(16) What reasons did the Misra Commission give for finding the Congress leadership in general blamless for the massacre meant to avenge Indira Gandhi’s assassination?
(a) Misra made no pretence of arriving at that conclusion in the manner of a judge. He dismissed the allegation against the Congress party without even feeling the need to call for its explanation. Going purely by his personal predilection, Misra gave a pseudo-scientific explanation for justifying his belief. Had the Congress party been involved, the magnitude of the violence, he suggested, would have been even greater and neither the police nor the combined defence of the local citizens would have been effective anywhere in Delhi. “If the Congress (I) party or a powerful force in the party played any role, neither of these two elements could have functioned in the manner each of them has been ascribed,” he said.
(17) How did the Misra Commission indict 19 Congress workers if there was no proper inquiry?
(a) That the Misra Commission indicted 19 Congress workers is a myth Congress leaders have been propagating to save their faces. Indictment suggests that the Commission had issued notices to those workers and considered the allegations levelled against each of them. In reality, he did no such thing nor did he even pretend to have conducted such an inquiry. He examined the subject only in terms of broad sweeps. Since he conceded the likelihood of Congress workers participating in the riots, he said he had “no particular reason to disbelieve the allegations so tabulated” against 19 workers by the Delhi Sikh Gurdwara Management Committee in its written arguments.
(18) Did the Misra Commission go into the conduct of the Congress party in the context of the massacre?
(a) Yes, it did, but only in terms of the resolutions passed by it at the Central and state levels. Thus, the Congress party got a clean chit because it had done its paper work alright. “In the face of these resolutions of November 1, 1984, by the Central and Union Territory party organs, it is indeed difficult to allege, much less discover, unseen hands of the party behind the violence perpetrated so dastardly,” the Commission observed. Misra set much store by the fact that several Sikhs belonging to the Congress party were also not spared by the rioters. On the basis of a highly questionable assumption, Misra said: “If the Congress (I) party or some of its highly placed leaders had set the rioters to operate, one would expect the Sikhs with Congress base and affinity to have escaped the depredation.”
(19) How did the Misra Commission exonerate H.K.L. Bhagat despite the fact that his constituency of east Delhi was the worst affected in the violence?
(a) Besides Rajiv Gandhi, Bhagat is the only Congress leader to have been specifically exonerated by the Misra Commission. Misra did this honour to Bhagat not only because he was the sole representative of Delhi in Indira Gandhi’s council of ministers. Bhagat was also at the centre of two conflicting sets of affidavits on his role in the riots. In fact, most of the 2,000-odd counter affidavits were filed mostly in support of Bhagat. In a manner that befits no judge, Misra chose to record evidence on Bhagat without issuing any notice to him. Bhagat on his part did not protest because he was probably had fore-knowledge of the outcome of the inquiry. Bhagat’s confidence was not misplaced as Misra himself came up with purely extra-legal arguments to reject all allegations against him. For instance, noting the fact that some Sikhs had filed affidavits in his favour, Misra said: “If Shri Bhagat had indeed played the role of an organiser of the riots, it is difficult to find even a single Sikh supporter in his camp.” Further, in a gratuitous display of respect for Bhagat, Misra said he “being a sitting MP and minister was not likely to misbehave in the manner alleged… People of the Sikh community being electors of his constituency, Shri Bhagat, keeping the democratic politician’s behaviour towards the elector in view, was not likely to antagonise the Sikh sympathy towards him.”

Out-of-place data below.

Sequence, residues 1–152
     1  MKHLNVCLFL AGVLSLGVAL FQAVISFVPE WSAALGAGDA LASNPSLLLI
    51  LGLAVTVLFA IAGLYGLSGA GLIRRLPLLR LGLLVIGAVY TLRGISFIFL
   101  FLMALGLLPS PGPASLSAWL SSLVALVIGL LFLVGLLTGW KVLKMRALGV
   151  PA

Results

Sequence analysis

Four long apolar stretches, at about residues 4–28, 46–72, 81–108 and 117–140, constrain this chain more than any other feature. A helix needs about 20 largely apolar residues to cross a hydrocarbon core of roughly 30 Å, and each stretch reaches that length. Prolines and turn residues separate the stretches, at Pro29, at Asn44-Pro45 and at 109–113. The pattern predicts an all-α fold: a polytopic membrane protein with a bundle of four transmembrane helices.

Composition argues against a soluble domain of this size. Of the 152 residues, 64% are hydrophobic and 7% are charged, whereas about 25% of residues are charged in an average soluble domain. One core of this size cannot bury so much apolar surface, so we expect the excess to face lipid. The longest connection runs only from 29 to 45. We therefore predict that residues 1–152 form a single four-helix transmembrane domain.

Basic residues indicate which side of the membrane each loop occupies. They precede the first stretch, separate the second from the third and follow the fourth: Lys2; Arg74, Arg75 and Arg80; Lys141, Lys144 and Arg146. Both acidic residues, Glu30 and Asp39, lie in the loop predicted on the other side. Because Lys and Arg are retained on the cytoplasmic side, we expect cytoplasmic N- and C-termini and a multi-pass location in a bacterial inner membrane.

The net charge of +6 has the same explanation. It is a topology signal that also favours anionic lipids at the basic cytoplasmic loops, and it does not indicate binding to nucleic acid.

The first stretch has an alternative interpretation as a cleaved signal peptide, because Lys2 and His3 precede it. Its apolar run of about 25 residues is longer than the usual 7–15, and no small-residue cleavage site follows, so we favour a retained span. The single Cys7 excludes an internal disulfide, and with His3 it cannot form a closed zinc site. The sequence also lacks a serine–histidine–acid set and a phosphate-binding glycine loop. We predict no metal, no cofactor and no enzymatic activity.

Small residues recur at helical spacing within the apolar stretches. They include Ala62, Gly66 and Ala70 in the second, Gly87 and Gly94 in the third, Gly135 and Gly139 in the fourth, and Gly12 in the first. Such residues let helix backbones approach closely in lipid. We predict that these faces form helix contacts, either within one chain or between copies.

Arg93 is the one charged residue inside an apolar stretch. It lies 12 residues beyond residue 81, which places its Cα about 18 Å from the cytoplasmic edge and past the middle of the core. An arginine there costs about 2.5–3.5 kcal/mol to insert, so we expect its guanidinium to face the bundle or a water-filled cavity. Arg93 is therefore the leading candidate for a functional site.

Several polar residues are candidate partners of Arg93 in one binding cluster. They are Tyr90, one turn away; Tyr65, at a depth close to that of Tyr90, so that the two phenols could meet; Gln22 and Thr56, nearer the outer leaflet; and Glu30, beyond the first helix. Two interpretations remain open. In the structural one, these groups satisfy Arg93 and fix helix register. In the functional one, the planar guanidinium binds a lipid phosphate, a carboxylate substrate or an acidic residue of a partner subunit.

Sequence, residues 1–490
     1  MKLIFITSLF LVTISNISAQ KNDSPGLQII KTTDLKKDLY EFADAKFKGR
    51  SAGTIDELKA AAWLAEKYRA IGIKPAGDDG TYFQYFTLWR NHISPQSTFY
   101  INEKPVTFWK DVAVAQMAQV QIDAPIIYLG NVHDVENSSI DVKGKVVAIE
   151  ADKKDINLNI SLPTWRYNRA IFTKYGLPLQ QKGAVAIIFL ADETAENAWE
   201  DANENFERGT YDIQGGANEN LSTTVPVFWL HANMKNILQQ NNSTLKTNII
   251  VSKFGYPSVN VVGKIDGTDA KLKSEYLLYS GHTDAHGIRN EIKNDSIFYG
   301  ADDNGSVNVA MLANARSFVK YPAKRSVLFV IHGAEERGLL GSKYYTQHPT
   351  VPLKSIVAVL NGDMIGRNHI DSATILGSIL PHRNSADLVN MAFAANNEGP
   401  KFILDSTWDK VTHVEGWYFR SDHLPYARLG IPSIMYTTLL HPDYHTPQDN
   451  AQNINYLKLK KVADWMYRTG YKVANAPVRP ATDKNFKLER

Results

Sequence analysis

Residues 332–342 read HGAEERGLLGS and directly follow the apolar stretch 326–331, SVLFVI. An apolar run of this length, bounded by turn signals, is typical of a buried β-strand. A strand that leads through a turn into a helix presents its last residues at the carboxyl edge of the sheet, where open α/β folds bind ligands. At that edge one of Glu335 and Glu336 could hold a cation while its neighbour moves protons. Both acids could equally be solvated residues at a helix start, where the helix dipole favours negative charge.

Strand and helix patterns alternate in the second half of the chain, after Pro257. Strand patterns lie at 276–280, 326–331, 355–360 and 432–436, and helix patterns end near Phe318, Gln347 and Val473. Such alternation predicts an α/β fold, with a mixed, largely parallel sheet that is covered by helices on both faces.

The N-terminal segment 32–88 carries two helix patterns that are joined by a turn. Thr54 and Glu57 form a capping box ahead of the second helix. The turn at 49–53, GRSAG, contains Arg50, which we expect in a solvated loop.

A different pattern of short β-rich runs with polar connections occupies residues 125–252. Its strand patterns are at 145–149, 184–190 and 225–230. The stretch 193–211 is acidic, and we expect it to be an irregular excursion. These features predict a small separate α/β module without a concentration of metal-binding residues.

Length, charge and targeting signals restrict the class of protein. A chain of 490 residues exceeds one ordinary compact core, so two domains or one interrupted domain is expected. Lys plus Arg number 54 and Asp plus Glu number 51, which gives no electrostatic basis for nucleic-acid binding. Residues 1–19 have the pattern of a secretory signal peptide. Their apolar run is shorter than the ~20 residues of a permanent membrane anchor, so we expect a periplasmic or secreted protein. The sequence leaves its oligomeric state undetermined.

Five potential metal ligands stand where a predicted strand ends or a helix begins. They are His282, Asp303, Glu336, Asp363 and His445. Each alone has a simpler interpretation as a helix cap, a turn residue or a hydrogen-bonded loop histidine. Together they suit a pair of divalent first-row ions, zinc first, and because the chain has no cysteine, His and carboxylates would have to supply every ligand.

(20) What exactly were the grounds on which Rajiv Gandhi himself was given a clean chit by the Misra Commission?
- While H.K.L. Bhagat figured in hundreds of affidavits one way or the other, there were only two affidavits pertaining to Rajiv Gandhi – and both against him. But the Misra Commission report had nothing but high praise for Rajiv Gandhi who took charge as Prime Minister within hours of his mother’s assassination. Without giving any indication of the source of his evidence, Misra recorded a finding that on the very night of the assassination, Rajiv left instructions to alert and, if need be, call in the Army. Holding that Rajiv took “all reasonable steps expected of him to meet the situation,” Misra said he even visited affected areas on November 2 against security advice and “boosted the morale of the victims.” Misra therefore said that Rajiv’s peace appeals to the nation on October 31 and November 1, his condemnation of the riots “in strong terms,” his decision to sack Lt Governor of Delhi P.G. Gavai on November 3 and “the overall posture adopted against the mad crowd leave no scope to entertain the allegation in a couple of affidavits that he too had something to do to help the unseemly situation.”